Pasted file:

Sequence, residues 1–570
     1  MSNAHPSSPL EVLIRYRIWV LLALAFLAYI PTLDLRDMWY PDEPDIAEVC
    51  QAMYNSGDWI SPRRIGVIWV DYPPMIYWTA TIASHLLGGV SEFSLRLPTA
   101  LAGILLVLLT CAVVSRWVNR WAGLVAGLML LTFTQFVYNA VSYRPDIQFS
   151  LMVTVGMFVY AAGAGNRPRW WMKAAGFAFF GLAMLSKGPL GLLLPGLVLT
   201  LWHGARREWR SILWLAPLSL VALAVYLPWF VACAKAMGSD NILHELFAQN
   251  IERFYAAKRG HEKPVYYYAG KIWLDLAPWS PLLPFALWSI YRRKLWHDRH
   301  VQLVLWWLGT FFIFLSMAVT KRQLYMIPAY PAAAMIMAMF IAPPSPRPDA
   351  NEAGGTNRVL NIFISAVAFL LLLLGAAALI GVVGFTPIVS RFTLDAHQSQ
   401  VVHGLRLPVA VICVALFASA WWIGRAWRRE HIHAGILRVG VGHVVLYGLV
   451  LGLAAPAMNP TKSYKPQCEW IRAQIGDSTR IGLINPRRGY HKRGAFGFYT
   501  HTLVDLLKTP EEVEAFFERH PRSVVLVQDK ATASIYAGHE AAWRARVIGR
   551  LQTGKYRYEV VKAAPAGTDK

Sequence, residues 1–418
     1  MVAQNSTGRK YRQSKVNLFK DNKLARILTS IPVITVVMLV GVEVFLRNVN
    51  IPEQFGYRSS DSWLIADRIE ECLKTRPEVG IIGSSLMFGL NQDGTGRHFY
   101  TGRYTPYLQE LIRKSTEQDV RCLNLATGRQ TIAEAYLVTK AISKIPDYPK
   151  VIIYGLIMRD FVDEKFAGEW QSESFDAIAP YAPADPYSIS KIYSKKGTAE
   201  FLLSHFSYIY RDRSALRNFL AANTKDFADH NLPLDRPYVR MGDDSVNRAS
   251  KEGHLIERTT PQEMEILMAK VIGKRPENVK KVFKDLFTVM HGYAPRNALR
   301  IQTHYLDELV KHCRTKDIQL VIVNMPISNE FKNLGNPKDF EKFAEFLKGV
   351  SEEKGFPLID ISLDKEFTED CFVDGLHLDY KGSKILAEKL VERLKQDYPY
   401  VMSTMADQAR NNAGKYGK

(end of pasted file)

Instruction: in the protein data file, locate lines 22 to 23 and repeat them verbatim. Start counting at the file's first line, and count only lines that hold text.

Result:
   351  SEEKGFPLID ISLDKEFTED CFVDGLHLDY KGSKILAEKL VERLKQDYPY
   401  VMSTMADQAR NNAGKYGK